A roundup of the words of the year.
More on "chav" here, on "Google-aire" here, and on the New OAD's additions here. More from Grant Barrett on the life cycle of slang.
• Christmas leftovers: "Twas the Night Before Christmas" in jargon:
Whereas, on or about the night prior to Christmas, there did occur at a certain improved piece of real property (hereinafter "the House") a general lack of stirring by all creatures therein, including, but not limited to a mouse. A variety of foot apparel, e.g., stocking, socks, etc., had been affixed by and around the chimney in said House in the hope and/or belief that St. Nick a/k/a/ St. Nicholas a/k/a/ Santa Claus (hereinafter "Claus") would arrive at sometime thereafter. continued...
• My wife hadn't heard the word "smart" as a verb until my dad said it this weekend. Turns out the injury connotation preceded the intelligence connotation!
late O.E. smeart "sharp, severe, stinging," related to smeortan (see smart (v.)). Meaning "quick, active, clever" is attested from c.1303, probably from the notion of "cutting" wit, words, etc.; meaning "trim in attire" first attested 1718, "ascending from the kitchen to the drawing-room c.1880." [Weekley] In ref. to devices, "behaving as though guided by intelligence" (e.g. smart bomb) first attested 1972. Smarts "good sense, intelligence," is first recorded 1968. Smart aleck is from 1865, perhaps in allusion to Aleck Hoag, notorious pimp, thief, and confidence man in New York City in early 1840s. Smart cookie is from 1948; smarty-pants first attested 1941. link
and for what it's worth:
1536, "a spark," Scottish, from Gaelic spong "tinder, pith, sponge," from L. spongia (see sponge ). The sense of "courage, pluck, mettle" is first attested 1773. A similar sense evolution took place in cognate Ir. sponnc "sponge, tinder, spark, courage, spunk." Vulgar slang sense of "seminal fluid" is recorded from c.1888. Spunky "courageous, spirited" is recorded from 1786. link
• Geoff Nunberg on gingerly as an adjective (here and here).
• "SportsCenter" on Tuesday morning referred to the blue field of Boise State as the smurf turf, and referred to the new jersey of Vince Carter, who was recently traded to the New Jersey Nets.
• When I heard this Sunday morning, I thought it was some of the lamest political rhetoric I'd heard since the end of the Kerry campaign.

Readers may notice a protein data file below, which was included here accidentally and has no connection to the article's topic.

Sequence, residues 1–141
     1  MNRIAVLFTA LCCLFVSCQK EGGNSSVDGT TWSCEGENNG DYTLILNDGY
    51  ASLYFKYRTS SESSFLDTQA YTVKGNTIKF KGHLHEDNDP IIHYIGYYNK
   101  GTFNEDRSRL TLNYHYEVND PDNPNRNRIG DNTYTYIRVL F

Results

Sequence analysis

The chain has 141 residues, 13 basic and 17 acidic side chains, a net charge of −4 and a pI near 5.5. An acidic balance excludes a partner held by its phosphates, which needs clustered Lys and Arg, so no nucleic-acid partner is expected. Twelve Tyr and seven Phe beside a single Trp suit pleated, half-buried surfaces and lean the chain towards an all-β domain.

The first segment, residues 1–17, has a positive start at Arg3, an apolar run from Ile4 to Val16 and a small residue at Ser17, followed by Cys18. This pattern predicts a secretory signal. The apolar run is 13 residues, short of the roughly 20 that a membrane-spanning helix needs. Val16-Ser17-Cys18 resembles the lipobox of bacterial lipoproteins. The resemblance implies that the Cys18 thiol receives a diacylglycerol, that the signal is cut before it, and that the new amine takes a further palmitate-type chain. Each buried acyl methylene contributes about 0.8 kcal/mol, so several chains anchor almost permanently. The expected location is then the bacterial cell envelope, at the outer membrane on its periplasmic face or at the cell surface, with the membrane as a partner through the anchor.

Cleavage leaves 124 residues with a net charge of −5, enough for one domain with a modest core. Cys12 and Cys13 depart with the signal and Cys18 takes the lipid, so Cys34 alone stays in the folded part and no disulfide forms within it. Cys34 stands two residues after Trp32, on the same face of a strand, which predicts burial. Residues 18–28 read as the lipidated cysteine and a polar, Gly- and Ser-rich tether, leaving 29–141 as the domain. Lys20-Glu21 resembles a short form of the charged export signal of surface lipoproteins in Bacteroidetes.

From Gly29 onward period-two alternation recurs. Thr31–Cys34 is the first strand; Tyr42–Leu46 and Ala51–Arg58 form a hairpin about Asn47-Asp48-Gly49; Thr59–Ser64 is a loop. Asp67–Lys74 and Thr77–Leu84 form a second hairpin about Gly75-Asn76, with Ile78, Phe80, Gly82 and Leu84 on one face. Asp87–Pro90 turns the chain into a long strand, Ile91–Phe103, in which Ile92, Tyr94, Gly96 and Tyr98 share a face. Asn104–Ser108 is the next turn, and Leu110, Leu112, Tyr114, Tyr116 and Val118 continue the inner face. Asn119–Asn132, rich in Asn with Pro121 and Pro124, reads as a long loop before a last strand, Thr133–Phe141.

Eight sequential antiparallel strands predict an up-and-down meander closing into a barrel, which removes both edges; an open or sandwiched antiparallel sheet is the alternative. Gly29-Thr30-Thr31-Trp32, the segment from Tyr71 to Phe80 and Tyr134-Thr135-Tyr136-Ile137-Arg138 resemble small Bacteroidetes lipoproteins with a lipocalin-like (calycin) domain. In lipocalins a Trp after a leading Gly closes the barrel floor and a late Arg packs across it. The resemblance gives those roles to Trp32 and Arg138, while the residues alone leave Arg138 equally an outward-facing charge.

MR. RUSSERT: Senator Daschle, 26 years in Washington--what's the most important lesson you learned?
SEN. DASCHLE: I think the most important lesson you learn is that this really is the greatest country in the world, and democracy works. Democracy has all of its flaws but it beats the noise of violence. I think there's just so much we can be proud of, especially this time of the year. We have a lot of challenges out there, Tim, but the most important lesson is that I think this legacy, this democracy, this incredible republic's going to go on for centuries to come.
(And what was Dr. Phil doing on the "Meet the Press"??)
• My review of Bill Walsh's The Elephants of Style will run in the next Verbatim. I discuss the split infinitive; turns out there's a whole Wikipedia entry on that. And I inevitably discuss The Elements of Style; here's Geoff Pullum's rant about that treatise:
Regular readers will be able to name my least favorite book in the
world: it is Strunk & White's The Elements of Style, a horrid little
compendium of unmotivated prejudices (don't use ongoing), arbitrary
stipulations (don't begin a sentence with however), and fatuous advice
("Be clear"), ridiculously out of date in its positions on appropriate
choices among grammatical variants, deeply suspect in its style advice
and grotesquely wrong in most of the grammatical advice it gives.
(Don't make me go on; if you want an hour-long lecture on the demerits
of this beastly little book, that can be arranged.)